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The clock is ticking down towards the retirement of Qantas' Boeing 747 fleet in 2020, but the airline is planning to treat frequent flyers with a series of 'Points Plane' flights on the iconic jumbo, beginning with a Sydney-Los Angeles flight on October 13 2019.
Inspired by the success of the Airbus A380 Points Plane initiative, this will be the last commercial flight of a Boeing 747-400 delivered to Qantas in 2000 (VH-OJU), with every seat in business class and premium economy initially reserved for booking using points.
There's a one-week window during which those premium cabin seats can only be booked using points – from now until midnight September 2 – after which, any remaining business class beds or premium economy seats will be opened up to paying passengers.
Every economy class seat will be open for booking using points as well, although cash fares will also be available for purchase from day one, to help fill the aircraft.
To book this one-way flight, you'd part with 96,000 Qantas Points in business class, 72,000 Qantas Points in premium economy or 41,900 Qantas Points for economy, plus taxes, fees and carrier charges as levied at the time of booking, covering the initial one-week window as well as any bookings made up to and including September 17 2019.
Should there be availability, any bookings made from September 18 2019 will instead require a higher 108,400 Qantas Points in business class or 81,300 Qantas Points in premium economy, when the upcoming changes to the Qantas Frequent Flyer scheme take effect, although economy remains at 41,900 Qantas Points.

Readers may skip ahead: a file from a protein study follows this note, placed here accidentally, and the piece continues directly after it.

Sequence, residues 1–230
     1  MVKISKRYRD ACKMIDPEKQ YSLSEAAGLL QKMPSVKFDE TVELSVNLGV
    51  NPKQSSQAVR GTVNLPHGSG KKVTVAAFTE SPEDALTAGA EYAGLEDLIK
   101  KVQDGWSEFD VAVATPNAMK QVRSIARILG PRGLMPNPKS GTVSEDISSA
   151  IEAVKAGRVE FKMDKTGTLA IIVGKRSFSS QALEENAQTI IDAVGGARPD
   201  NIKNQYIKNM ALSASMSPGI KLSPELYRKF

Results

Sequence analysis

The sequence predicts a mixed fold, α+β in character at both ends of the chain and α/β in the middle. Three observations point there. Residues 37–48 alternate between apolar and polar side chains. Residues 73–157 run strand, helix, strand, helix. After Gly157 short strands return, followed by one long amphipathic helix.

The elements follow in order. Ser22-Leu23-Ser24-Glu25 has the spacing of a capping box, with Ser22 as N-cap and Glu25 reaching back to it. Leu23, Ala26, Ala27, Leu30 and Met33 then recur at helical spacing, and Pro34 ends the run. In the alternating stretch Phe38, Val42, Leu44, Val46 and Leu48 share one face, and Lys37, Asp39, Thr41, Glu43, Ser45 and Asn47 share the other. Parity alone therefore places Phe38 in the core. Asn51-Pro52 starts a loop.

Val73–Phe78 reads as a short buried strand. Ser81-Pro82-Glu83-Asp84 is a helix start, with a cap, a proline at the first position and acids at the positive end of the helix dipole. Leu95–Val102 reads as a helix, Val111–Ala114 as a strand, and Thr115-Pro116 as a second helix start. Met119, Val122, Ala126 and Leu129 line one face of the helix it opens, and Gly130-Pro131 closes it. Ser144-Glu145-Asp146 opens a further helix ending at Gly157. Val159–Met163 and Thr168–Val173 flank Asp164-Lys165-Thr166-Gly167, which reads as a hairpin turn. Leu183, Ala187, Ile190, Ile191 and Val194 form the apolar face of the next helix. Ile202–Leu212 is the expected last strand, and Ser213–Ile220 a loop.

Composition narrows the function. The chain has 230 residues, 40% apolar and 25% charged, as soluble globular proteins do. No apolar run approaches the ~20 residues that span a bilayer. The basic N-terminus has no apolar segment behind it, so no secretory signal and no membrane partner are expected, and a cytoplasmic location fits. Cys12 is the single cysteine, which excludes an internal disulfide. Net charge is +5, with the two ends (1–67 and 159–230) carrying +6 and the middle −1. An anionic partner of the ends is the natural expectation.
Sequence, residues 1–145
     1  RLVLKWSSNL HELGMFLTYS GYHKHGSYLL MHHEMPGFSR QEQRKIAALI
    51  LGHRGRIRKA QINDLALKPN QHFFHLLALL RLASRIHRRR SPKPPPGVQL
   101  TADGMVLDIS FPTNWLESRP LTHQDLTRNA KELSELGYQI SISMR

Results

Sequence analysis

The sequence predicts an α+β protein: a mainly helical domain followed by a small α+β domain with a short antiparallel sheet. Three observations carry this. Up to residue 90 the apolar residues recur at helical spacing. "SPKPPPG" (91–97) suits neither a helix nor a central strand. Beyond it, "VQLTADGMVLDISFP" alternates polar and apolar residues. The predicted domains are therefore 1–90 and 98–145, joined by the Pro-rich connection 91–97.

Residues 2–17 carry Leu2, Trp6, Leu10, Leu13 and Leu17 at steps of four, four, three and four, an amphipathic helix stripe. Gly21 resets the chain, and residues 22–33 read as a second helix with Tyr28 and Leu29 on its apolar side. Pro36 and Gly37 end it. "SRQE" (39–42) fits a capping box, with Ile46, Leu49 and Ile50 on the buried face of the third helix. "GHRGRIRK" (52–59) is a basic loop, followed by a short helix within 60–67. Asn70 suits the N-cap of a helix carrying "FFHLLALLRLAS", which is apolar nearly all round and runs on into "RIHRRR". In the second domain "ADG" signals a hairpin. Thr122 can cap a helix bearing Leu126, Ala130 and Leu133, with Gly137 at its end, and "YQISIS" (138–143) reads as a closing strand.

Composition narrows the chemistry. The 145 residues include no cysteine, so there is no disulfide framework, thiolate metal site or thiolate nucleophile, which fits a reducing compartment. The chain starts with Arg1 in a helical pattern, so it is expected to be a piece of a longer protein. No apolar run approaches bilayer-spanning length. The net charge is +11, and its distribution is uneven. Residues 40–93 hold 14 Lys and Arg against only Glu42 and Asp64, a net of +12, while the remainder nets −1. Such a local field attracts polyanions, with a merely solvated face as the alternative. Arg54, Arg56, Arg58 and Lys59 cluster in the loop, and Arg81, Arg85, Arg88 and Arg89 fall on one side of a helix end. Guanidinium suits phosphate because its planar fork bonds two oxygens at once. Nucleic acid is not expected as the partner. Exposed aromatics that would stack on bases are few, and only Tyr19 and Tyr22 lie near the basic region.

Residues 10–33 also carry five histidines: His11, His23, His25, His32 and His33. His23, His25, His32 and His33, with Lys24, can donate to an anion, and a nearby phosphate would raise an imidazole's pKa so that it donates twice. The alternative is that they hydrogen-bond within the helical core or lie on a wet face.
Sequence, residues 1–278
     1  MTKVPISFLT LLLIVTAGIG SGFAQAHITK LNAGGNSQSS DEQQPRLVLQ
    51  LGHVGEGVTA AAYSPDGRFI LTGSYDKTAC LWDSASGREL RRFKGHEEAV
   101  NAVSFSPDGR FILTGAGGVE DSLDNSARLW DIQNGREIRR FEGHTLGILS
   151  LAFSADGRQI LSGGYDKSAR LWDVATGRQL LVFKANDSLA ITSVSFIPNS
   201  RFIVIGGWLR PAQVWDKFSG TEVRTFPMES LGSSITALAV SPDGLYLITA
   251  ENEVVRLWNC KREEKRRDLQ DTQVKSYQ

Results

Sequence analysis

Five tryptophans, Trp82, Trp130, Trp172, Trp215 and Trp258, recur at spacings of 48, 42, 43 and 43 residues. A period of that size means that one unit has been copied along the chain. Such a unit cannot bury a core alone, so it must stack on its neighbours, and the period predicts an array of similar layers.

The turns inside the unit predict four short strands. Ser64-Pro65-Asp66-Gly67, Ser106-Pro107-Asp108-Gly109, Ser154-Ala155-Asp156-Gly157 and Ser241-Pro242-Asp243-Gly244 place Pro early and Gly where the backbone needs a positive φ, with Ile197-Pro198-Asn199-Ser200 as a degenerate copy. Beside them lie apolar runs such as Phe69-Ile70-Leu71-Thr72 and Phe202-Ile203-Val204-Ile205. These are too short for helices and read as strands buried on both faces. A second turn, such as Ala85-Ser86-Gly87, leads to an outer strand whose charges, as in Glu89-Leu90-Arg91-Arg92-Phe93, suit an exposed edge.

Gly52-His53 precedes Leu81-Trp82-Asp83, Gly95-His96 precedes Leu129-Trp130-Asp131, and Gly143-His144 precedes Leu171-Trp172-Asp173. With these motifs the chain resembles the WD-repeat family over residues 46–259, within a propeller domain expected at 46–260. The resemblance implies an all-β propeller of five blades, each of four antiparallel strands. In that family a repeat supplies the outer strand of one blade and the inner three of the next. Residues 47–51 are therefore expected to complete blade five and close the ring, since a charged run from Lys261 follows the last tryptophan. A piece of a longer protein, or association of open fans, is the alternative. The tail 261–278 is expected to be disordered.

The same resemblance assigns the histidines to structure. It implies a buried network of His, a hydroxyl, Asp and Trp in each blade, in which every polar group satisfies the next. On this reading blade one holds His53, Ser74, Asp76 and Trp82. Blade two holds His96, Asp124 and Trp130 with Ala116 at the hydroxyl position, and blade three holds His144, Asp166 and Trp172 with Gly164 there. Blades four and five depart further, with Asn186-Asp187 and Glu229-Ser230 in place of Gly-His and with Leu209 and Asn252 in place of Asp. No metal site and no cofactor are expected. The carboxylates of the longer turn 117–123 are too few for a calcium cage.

The flight number to look for is QF99, from Sydney to Los Angeles on October 13 2019:
As with any one-way flight, passengers will need to make their own arrangements to return home, such as by buying a one-way airfare from Los Angeles to Australia, or securing a return seat using points where availability permits on a 'normal' flight.
The aircraft operating this Sydney-Los Angeles service, VH-OJU, will exit the Qantas fleet after this final flight and be transferred to another airline to continue flying.
Since its delivery back in 2000, Qantas claims the aircraft has flown approximately 80 million kilometres: the equivalent of almost 2,000 round-the-world trips.
Qantas steams ahead towards more Boeing 747 retirements
Qantas has been steadily phasing out its historic Boeing 747 fleet in favour of the advanced and fuel-efficient Boeing 787, with a second wave of factory-fresh Boeing 787s seeing the jumbo's staged retirement by the end of 2020 as Qantas celebrates its 100th anniversary.
The stalwart Boeing 747 of Sydney-San Francisco will be replaced by a Dreamliner in December 2019; Qantas is also considering the Boeing 787 for the long jumbo flights to Johannesburg – having announced plans for the same to Santiago – while an Airbus A380 superjumbo could be earmarked for Sydney-Tokyo.
Qantas originally began flying the Boeing 747 in 1971, with early models sporting a rather groovy lounge on the upper deck.
Dubbed the Captain Cook lounge, the 15-seat lounge managed to combine a nautical theme honouring the nation's foremost European discoverer with a then-chic colour scheme of orange, checks and woodgrains.
Additional reporting by David Flynn.
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